You do not seem to comprehend what it means to be genuinely open to a range of views, and to avoid dogmatism in the interests of exploring and learning, and testing views, or simply holding views tentatively and always being open to new information and understanding.

  • http://www.facebook.com/people/Michael-Wilson/1355591760 Michael Wilson

    Does any one have any recognized expertise in koin Greek? What are the opinions of such people on the passage? Surely a percentage of opinions might give a good estimate of the likely hood of Earl being correct.

    In English all the references I’ve seen seem unambiguous. I’ve grown up in a culture that uses “brother or sister” frequently to mean, “member of the community”, but confusions is rare when someone is speaking about someone who is really the sibling of someone else. The use of the phrase in the part about James brother of the Lord,, and the other part about the lords brothers ans their wives, don’t seem like accepted usages of the communal brother usage, but it may look different in Greek.

    If sibling in and sibling of are not equivalent, then Brother of the Lord must means something different than brother in the lord, right?you wouldn’t use one phrase to mean the other.

  • http://www.facebook.com/people/Michael-Wilson/1355591760 Michael Wilson

    Does any one have any recognized expertise in koin Greek? What are the opinions of such people on the passage? Surely a percentage of opinions might give a good estimate of the likely hood of Earl being correct.

    In English all the references I’ve seen seem unambiguous. I’ve grown up in a culture that uses “brother or sister” frequently to mean, “member of the community”, but confusions is rare when someone is speaking about someone who is really the sibling of someone else. The use of the phrase in the part about James brother of the Lord,, and the other part about the lords brothers ans their wives, don’t seem like accepted usages of the communal brother usage, but it may look different in Greek.

    If sibling in and sibling of are not equivalent, then Brother of the Lord must means something different than brother in the lord, right?you wouldn’t use one phrase to mean the other.

  • http://www.patheos.com/community/exploringourmatrix/ James F. McGrath

    @Earl, I get what you are trying to do. It just doesn’t work. You have provided no evidence that the equivalence works in phrases such as these, and it seems clear to most people that the two are not equivalent.

    Yours is nor a simple argument. It is an attempt at trying to cloud a simple distinction in meaning between two distinct phrases so as to try to turn evidence for the historical Jesus into something else.

    I get it. What you are trying to do is clear. But I don’t find it persuasive. That isn’t the same thing as not getting it.

  • http://www.patheos.com/community/exploringourmatrix/ James F. McGrath

    @Earl, I get what you are trying to do. It just doesn’t work. You have provided no evidence that the equivalence works in phrases such as these, and it seems clear to most people that the two are not equivalent.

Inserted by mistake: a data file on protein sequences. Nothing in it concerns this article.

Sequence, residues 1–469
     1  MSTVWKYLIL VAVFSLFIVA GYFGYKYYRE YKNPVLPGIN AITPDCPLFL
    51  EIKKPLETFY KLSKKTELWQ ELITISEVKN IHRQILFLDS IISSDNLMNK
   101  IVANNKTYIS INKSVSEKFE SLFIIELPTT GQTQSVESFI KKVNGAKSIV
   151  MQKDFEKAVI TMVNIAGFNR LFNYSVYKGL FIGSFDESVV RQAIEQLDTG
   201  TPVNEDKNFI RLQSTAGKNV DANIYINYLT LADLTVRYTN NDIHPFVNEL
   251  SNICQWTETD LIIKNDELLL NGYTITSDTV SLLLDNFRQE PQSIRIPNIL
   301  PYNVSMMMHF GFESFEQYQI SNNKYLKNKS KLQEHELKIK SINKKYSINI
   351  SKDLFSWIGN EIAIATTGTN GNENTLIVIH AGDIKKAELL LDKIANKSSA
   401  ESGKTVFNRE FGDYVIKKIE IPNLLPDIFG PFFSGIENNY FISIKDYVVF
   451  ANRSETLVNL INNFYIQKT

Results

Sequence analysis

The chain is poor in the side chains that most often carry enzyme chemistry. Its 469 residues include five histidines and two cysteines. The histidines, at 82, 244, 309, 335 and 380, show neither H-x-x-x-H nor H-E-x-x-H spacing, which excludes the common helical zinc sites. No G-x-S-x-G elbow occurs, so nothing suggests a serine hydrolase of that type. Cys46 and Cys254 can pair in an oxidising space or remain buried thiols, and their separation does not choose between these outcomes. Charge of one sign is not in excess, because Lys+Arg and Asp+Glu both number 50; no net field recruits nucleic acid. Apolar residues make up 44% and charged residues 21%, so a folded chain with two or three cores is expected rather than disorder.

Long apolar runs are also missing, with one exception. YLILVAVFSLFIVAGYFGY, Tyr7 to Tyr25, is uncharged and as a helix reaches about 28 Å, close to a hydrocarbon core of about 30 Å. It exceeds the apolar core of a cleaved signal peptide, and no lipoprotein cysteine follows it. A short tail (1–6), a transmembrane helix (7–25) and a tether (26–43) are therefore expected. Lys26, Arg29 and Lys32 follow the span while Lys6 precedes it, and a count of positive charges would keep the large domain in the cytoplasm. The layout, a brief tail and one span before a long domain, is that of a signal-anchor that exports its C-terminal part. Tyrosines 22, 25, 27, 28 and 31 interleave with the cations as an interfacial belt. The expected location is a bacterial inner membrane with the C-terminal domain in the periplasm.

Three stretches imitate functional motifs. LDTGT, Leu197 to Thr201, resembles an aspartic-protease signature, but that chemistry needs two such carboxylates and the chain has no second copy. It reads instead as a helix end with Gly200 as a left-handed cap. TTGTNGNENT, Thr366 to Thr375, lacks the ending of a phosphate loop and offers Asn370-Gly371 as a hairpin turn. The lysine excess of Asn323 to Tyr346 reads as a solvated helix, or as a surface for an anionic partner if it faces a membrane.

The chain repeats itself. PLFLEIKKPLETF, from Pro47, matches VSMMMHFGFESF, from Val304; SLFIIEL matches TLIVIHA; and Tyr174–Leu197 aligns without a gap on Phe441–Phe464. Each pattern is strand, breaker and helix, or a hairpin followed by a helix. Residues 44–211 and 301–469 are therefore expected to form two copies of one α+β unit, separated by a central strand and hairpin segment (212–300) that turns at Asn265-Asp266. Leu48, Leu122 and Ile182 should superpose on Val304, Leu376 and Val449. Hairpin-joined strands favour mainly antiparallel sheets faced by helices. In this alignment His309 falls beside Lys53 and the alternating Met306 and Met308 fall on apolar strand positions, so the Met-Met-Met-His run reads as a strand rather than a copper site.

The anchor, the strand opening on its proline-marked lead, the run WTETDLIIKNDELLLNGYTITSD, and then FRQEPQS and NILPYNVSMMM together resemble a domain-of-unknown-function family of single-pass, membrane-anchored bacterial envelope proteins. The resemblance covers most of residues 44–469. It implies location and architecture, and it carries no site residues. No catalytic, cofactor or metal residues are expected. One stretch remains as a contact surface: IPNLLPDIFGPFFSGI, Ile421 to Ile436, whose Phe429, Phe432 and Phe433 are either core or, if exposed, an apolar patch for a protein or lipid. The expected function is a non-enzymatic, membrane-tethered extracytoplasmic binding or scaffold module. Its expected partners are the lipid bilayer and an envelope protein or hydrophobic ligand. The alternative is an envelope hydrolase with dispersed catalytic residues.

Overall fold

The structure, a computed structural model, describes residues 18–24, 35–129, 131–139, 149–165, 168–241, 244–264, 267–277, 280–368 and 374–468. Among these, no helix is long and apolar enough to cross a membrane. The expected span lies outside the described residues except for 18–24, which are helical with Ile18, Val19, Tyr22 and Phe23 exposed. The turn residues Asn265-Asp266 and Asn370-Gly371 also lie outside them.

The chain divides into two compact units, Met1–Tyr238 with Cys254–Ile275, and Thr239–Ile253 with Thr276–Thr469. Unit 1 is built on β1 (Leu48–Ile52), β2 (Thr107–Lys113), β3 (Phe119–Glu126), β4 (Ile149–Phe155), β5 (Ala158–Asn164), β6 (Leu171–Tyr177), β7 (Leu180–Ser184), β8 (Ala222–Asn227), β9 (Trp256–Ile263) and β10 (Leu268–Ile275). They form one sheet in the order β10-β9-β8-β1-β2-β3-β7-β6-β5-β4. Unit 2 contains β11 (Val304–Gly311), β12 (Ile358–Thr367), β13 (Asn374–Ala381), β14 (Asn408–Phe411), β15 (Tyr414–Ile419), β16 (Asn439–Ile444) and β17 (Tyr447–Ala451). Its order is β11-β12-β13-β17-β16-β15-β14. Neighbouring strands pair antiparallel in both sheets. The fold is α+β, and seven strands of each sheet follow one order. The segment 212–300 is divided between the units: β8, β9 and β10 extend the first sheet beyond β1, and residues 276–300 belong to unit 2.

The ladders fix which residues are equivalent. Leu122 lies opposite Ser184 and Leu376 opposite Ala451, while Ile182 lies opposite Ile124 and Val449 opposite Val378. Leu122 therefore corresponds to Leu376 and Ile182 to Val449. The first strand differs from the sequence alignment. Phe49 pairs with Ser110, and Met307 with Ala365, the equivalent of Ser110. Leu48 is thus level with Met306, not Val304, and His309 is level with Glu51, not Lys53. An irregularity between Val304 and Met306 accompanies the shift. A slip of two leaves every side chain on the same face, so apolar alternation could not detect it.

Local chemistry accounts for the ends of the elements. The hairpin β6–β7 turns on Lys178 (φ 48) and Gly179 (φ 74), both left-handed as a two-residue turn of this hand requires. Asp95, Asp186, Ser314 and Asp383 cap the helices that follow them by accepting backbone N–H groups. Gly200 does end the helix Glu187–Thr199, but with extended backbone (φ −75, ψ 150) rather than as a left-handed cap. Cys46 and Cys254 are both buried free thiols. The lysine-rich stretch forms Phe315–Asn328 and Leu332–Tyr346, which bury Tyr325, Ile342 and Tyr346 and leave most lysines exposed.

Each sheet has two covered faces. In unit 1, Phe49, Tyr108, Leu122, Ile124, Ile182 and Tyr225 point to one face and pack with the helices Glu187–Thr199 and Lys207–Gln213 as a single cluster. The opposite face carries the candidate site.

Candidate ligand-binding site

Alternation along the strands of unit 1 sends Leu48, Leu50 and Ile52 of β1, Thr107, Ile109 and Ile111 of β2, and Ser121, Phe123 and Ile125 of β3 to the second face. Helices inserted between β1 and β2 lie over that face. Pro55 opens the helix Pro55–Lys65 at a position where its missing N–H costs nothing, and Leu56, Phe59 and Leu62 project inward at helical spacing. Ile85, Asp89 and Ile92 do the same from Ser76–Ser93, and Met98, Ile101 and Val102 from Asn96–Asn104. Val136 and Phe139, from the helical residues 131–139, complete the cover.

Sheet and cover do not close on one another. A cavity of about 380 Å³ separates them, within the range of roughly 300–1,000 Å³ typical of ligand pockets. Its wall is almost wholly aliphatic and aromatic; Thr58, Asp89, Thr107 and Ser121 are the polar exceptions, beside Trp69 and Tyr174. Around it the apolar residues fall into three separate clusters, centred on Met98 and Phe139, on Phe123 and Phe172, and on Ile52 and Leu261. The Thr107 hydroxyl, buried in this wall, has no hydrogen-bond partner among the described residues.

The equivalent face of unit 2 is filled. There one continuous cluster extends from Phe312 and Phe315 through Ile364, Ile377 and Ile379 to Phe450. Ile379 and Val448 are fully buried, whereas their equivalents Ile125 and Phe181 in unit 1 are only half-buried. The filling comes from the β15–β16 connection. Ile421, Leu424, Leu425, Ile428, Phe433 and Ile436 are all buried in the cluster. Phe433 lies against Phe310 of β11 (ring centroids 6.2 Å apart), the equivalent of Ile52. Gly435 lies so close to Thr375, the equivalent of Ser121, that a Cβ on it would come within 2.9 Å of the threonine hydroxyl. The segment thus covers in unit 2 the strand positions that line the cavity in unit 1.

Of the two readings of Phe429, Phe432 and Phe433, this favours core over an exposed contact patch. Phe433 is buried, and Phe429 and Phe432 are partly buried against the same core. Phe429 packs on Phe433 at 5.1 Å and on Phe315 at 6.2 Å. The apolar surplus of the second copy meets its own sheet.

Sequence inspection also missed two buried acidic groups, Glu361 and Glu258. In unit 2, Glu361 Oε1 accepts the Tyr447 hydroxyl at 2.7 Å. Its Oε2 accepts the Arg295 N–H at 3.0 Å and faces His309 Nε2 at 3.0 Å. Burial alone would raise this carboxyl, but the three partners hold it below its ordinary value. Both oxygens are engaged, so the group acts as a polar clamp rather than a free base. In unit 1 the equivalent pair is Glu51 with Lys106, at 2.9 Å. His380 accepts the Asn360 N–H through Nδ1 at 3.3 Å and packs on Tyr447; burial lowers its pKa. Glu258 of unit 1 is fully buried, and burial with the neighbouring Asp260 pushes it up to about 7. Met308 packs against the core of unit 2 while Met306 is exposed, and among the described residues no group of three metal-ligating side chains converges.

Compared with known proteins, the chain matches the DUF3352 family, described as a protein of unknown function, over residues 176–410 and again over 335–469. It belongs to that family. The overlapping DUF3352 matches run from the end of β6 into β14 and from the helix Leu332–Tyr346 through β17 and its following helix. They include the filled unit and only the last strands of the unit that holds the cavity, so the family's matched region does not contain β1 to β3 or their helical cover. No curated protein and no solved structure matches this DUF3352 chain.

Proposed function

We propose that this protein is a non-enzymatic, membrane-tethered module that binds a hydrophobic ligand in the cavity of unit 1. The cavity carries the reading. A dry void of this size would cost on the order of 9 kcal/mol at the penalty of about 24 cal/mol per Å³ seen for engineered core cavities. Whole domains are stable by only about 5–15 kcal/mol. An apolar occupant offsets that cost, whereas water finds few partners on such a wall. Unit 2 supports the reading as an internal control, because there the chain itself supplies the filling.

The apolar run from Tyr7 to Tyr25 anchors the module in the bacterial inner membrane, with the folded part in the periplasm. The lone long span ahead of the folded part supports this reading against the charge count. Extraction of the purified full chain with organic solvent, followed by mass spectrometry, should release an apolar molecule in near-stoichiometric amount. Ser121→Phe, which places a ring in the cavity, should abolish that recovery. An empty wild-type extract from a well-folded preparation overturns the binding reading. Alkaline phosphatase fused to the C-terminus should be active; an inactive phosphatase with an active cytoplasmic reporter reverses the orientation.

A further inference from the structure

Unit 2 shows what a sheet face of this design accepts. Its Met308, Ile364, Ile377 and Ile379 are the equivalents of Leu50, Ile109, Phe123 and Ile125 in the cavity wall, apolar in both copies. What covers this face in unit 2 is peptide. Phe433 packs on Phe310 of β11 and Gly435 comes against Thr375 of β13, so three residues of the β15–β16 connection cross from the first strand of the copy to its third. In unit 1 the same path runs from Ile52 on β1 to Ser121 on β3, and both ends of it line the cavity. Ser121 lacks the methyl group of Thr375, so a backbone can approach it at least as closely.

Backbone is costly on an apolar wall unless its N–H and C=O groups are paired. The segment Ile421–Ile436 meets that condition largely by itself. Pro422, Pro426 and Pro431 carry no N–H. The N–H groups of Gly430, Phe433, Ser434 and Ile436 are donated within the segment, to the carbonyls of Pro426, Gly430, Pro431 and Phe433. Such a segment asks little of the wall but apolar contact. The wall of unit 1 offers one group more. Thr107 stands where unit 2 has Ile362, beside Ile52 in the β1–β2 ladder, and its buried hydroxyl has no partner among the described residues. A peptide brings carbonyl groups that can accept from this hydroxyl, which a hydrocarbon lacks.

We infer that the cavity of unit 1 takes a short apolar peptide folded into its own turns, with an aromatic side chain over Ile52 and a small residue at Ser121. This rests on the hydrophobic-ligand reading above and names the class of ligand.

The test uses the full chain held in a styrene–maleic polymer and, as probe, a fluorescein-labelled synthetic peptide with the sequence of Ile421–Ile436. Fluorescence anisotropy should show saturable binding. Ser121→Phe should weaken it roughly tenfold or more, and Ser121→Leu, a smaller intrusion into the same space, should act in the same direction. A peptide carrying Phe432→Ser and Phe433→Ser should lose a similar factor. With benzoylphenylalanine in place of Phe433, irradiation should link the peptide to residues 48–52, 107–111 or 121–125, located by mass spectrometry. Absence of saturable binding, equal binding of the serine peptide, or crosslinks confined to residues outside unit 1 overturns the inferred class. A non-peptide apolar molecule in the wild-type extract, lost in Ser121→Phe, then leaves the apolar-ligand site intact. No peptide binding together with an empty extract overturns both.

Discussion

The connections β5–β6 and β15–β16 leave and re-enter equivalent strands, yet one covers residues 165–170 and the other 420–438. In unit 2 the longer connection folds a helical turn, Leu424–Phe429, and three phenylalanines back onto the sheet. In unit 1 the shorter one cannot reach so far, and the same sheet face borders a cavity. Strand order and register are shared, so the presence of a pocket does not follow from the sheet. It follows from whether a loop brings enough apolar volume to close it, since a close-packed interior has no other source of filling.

Yours is nor a simple argument. It is an attempt at trying to cloud a simple distinction in meaning between two distinct phrases so as to try to turn evidence for the historical Jesus into something else.

    I get it. What you are trying to do is clear. But I don’t find it persuasive. That isn’t the same thing as not getting it.

  • http://historical-jesus.info/ Bernard Muller

    Let’s say that “brother of the Lord” meaning brother of Jesus is a sure thing, because that Jesus, as written by Paul himself, is a man, a descendant of Abraham, Jesse, David & Israelites, requiring a woman to come under the Law. He was poor, humble and crucified. Everything fits an earthly Jesus, including “brother of the Lord”.
    Of course, Doherty will raise doubts on each items I mentioned, always in dubious ways and claiming unevidenced options. Doherty will address each one separately, with a flurry of wording. Also let’s remember that ‘James, brother of Jesus’ is  also in Josephus’ Antiquities XX and the first gospel. More work for Doherty, more doubts to be raised.
    And again I ask these questions:
    But then if “in the Lord” is so rampant in the Pauline epistles, why Paul, in two instances, did not use “brother(s) in the Lord”, but instead “brother(s) of the Lord”?
    Why did Paul break his pattern in these two cases?
    More so if, according to Doherty,  “brother of the Lord” has the same meaning than “brother in the Lord”!

  • http://historical-jesus.info/ Bernard Muller

    Let’s say that “brother of the Lord” meaning brother of Jesus is a sure thing, because that Jesus, as written by Paul himself, is Lord, a man, a descendant of Abraham, Jesse, David & Israelites, requiring a woman to come under the Law. He was poor, humble and crucified. Everything fits an earthly Jesus, including “brother of the Lord”.
    Of course, Doherty will raise doubts on each items I mentioned, always in dubious ways and claiming unevidenced options & suppositions. Doherty will address each one separately, with a flurry of wording. Also let’s remember that ‘James, brother of Jesus’ is  also in Josephus’ Antiquities XX and the first gospel. More work for Doherty, more doubts to be raised.